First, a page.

Starting Pitching Maintains Inconsistency in Baltimore

Starting Pitching Maintains Inconsistency in Baltimore A pair of wins to end the series in Baltimore helped the Red Sox calm the waters a bit and head to Fenway Park for a must-have homestand with a little bit of momentum.

Here are a few items we took from the three games in Camden Yards:

Still Searching for Consistency
The starting rotation continues to be up and down, even within the outings.

While Josh Beckett had his best start in weeks in the opener, he was the lone starter in the series to get a loss. Jon Lester gave up five runs in the first two innings on Wednesday but struck out 10 and somehow lasted six innings to get a victory.

Daisuke Matsuzaka surrendered four runs in 5 2/3 innings in the finale but was saved by the bullpen and got his ninth win of the year.

It was a mixed bag that keeps with a theme established early in the season.

Boston had three quality starts on the six-game road trip.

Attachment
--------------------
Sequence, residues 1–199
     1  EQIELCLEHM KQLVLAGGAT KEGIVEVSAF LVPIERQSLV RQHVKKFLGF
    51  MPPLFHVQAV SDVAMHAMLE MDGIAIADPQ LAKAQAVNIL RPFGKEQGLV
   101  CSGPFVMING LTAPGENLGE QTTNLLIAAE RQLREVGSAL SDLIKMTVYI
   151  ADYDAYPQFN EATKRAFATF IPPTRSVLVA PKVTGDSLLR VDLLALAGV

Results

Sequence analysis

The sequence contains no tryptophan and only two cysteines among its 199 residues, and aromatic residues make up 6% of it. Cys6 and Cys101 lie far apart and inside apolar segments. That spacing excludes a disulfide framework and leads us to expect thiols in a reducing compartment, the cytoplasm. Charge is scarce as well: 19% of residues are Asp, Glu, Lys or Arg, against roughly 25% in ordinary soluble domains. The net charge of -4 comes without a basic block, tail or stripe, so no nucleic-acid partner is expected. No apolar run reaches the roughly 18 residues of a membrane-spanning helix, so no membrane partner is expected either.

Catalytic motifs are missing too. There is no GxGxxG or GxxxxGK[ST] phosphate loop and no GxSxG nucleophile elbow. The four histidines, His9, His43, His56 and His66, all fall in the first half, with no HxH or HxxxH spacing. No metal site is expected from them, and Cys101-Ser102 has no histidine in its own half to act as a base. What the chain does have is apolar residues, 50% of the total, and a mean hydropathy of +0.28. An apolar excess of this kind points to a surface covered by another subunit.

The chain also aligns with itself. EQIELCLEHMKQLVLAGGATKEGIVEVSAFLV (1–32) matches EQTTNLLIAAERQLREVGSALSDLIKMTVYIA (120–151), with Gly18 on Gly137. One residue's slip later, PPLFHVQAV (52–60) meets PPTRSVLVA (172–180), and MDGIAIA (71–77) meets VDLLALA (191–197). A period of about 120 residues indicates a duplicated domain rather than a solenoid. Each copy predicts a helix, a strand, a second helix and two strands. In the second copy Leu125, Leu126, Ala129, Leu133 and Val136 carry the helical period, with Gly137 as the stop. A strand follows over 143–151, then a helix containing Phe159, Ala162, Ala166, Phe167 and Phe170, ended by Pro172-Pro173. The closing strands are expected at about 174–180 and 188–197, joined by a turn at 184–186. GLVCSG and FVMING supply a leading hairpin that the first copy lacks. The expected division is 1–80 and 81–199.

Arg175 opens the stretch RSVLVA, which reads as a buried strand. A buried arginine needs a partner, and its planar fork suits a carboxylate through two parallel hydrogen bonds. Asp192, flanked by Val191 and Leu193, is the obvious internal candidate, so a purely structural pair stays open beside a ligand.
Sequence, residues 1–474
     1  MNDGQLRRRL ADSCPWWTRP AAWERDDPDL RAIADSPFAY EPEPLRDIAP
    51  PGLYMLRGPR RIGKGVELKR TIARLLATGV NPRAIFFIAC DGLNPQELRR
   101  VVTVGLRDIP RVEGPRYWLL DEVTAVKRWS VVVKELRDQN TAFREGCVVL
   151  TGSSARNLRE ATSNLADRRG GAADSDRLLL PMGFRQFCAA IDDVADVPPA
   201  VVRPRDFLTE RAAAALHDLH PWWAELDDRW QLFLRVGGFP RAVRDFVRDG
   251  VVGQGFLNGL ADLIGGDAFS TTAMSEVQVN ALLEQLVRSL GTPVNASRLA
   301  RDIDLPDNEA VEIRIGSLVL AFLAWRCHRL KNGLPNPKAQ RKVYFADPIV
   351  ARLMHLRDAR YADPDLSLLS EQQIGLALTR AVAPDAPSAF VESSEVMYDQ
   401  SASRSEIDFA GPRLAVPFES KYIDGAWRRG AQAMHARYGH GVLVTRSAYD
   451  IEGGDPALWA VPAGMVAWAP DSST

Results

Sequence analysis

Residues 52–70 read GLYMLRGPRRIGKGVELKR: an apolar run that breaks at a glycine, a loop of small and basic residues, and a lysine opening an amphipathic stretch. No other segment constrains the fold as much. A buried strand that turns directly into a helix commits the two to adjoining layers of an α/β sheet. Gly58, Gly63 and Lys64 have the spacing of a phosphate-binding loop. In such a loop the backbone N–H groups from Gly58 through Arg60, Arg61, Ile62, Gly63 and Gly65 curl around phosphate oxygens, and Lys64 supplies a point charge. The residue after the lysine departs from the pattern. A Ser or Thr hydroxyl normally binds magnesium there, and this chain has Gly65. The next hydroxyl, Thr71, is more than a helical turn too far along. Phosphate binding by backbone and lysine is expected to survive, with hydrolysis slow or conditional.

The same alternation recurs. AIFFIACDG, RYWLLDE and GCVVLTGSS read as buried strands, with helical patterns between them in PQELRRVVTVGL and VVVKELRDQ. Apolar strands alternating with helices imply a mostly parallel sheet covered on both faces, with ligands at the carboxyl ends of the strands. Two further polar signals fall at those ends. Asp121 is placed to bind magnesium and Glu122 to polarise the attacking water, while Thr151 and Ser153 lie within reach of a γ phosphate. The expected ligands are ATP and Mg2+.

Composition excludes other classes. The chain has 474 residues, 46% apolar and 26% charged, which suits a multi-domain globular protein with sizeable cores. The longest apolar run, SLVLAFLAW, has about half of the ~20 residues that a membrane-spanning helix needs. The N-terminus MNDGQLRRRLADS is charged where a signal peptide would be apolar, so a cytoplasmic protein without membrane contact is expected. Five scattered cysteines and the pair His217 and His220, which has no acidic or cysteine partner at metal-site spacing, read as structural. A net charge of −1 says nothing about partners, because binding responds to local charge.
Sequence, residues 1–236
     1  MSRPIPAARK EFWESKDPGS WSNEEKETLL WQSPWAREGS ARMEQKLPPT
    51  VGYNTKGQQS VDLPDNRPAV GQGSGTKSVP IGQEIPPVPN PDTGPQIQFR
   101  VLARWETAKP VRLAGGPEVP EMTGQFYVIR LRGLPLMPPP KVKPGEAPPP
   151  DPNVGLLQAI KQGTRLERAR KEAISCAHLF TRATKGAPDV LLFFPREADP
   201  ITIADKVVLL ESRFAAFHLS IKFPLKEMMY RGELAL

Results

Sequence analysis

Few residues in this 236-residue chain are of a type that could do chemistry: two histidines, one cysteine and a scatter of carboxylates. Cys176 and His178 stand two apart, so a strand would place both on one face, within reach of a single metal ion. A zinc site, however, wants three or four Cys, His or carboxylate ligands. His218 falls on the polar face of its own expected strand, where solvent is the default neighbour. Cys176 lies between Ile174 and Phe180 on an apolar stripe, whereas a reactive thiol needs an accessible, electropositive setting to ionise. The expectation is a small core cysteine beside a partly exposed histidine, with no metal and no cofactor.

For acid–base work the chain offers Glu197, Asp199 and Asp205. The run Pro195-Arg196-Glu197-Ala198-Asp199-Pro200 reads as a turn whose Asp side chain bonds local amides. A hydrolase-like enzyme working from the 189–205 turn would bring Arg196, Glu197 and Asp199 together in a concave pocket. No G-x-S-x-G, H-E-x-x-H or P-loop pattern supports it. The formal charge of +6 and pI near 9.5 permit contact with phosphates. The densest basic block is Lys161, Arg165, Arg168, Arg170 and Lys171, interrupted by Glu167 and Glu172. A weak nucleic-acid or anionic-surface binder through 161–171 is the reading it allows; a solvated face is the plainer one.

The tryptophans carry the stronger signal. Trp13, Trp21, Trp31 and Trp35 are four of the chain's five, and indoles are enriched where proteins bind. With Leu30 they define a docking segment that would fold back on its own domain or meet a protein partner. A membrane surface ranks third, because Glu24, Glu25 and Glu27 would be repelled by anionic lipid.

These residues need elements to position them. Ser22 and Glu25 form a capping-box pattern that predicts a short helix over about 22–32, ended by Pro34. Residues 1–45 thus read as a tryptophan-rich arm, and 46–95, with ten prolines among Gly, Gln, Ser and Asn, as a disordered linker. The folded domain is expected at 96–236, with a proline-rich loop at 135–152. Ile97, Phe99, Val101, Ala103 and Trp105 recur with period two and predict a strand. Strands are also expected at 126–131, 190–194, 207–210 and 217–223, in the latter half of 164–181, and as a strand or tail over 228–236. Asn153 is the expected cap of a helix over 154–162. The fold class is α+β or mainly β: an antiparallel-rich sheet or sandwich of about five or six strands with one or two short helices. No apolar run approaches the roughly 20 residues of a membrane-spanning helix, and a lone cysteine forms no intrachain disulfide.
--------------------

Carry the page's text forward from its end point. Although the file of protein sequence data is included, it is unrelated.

Pen Power
The bullpen gave up three runs in 7 1/3 innings in the series, but two came on solo homers surrendered in one inning of the opener by Felix Doubront, who was pitching through a pectoral muscle strain.

After that, the relievers were clutch.

Daniel Bard ate up two big innings in the middle contest and Scott Atchison did the same in the finale. Jonathan Papelbon closed out both wins and became the first pitcher in major league history to record 35 saves in each of his first five seasons.

Beltin' Beltre
If the Red Sox make an unlikely push all the way to the playoffs, Adrian Beltre's three-run blast in the seventh inning of the middle game of the series may serve as a launching point.

The homer proved to be the difference in a 9-6 victory and his solo shot in the second inning of the finale started the scoring in a 6-4 win. It's been quite a year for the third baseman.

Beltre enters the homestand two RBIs shy of 1,000 for his career and two runs shy of 900.

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